Our kids have little hands but big hearts

The Land pays homage to our bush kids, the unsung heroes of the drought


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Hamish Finch, 6, helping to muster sheep with his family at Monolon Station, north of White Cliffs. Photo by Laura Finch.

Hamish Finch, 6, helping to muster sheep with his family at Monolon Station, north of White Cliffs. Photo by Laura Finch.

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Jump on board and pay homage to our bush kids, the unsung heroes of this drought.

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A patchwork of cracks line the earth and the dams are empty, but among the dry conditions children quietly toil away.

They are hand feeding stock as dust swirls around them. They are checking and cleaning water troughs.

They are fixing machinery and they are mustering livestock to be loaded onto trucks to sell as the feed runs out.

They are right there by their parent's side helping them get through this prolonged dry.

They are our bush kids, the unsung heroes of this drought with "little hands and big hearts". These kids are far more than just gate openers.

These amazing young people can be found in the most remote corner of the state near Milparinka, they are also in the south on the Hay plains, they are in the heart of NSW and they are battling a green drought on the coast.

And they are waiting for the heavens to open, in fact they are praying for the heavens to open so their farms can thrive again.

Every morning before school hundreds of kids across the state like the Siemer children from Coally and One Tree Station near Milparinka are feeding livestock.

The eldest of the four Jack, 10, and Ned, 8, head out with their father Sam to feed out a mix to the cattle.

They then help make up the mix for the end of the day, which is a combination of grape marc, the grains available at the time, urea, minerals and hay.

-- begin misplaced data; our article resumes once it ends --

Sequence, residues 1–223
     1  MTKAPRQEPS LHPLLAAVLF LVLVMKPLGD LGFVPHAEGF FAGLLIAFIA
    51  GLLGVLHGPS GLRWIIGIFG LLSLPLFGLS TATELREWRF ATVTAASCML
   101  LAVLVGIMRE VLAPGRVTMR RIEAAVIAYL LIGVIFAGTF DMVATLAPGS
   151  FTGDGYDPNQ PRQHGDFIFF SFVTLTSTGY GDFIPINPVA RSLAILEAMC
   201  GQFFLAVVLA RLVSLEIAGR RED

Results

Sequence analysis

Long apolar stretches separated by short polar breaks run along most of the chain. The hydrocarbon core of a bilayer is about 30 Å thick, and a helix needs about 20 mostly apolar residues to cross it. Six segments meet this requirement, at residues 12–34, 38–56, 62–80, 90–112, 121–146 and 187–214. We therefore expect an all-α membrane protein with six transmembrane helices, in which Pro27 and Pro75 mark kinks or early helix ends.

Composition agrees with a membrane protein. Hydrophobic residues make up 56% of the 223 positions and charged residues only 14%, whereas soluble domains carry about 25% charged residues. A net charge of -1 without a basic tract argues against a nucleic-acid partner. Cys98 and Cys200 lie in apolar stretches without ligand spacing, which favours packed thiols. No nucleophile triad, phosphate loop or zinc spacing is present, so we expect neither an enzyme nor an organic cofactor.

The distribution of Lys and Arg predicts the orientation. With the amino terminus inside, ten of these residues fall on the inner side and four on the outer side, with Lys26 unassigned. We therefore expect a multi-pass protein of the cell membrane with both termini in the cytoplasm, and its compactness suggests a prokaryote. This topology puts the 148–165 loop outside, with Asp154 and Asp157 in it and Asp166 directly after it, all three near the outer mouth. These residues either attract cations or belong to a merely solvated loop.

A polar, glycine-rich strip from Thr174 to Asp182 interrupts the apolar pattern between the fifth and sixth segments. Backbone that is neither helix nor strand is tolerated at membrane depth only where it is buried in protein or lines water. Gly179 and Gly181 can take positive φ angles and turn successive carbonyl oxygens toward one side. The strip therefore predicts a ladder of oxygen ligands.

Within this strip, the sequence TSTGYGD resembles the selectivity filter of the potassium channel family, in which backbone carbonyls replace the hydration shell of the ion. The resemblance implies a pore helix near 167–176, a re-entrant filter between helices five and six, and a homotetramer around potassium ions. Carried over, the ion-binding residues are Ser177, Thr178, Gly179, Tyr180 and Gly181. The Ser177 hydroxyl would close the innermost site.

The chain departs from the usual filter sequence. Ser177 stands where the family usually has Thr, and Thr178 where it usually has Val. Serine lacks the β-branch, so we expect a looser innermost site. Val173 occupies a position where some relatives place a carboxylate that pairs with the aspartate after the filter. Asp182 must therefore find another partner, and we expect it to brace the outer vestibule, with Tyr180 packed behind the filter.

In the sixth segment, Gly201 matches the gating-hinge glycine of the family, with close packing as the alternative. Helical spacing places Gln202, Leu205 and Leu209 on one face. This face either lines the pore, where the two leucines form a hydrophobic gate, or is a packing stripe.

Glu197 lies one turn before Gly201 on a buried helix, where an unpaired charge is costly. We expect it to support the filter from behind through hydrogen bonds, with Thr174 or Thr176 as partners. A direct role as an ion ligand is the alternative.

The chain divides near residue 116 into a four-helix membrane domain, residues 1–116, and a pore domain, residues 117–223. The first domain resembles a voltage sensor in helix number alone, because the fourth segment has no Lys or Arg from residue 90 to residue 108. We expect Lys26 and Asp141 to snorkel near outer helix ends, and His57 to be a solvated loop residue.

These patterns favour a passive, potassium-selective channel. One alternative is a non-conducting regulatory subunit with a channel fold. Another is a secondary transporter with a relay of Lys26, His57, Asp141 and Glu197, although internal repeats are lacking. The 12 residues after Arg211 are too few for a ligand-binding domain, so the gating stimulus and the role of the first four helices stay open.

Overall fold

While they are there they keep an eye out for any poddy calves. All four Siemer children including Finn, 6, and Archie, 3, took charge to raise more than 200 poddy calves in 2018.

When that's done they check the water troughs and head to school.

In the afternoons depending on what day of the week it is they help feed the sheep.

"We need to help do this otherwise the cattle and sheep will die and it's hard for mum and dad to do it by themselves, we are part of the team," Jack said.

At just 10, Jack knows how reliant his property is on the weather.

"We want rain, the last time we saw proper rain was two years ago, it was wet and it was good," Jack said.

In a normal year (not drought) the Siemer children would just help on water runs and big days of cattle mustering and lamb marking.

But with the prolonged drought they have stepped up to help their parents, who have been feeding for 18 months.

"It's become ground hog day out here," the Siemer boy's mother Tennille said.

"We usually have one to two workers but we haven't had one since early November and the kids have filled the gap. They have taken on so much responsibility."

An emotional Mrs Siemer said she would love it if they could just run around like their town mates.

"I can't explain how proud we are of them, it makes me a bit emotional talking about it," she said.

"They never whinge, you are twisted with guilt they have to do so much but they know it's part of life here and they get on with it.

"One of the heart breaking things is if stock die the kids feel it now more than ever because they are so involved.

"But by going through this, they have become resilient. They will definitely grow up hard working kids."

The Siemers are not alone. This is the same story being played out across the state.

Laura Finch and her her husband Luke run Monolon Station an hour north of White Cliffs with their three children Stella, 12, Harrison, 10, and Hamish, 6, who do all their school through Broken Hill School of the Air and Dubbo Distance Education.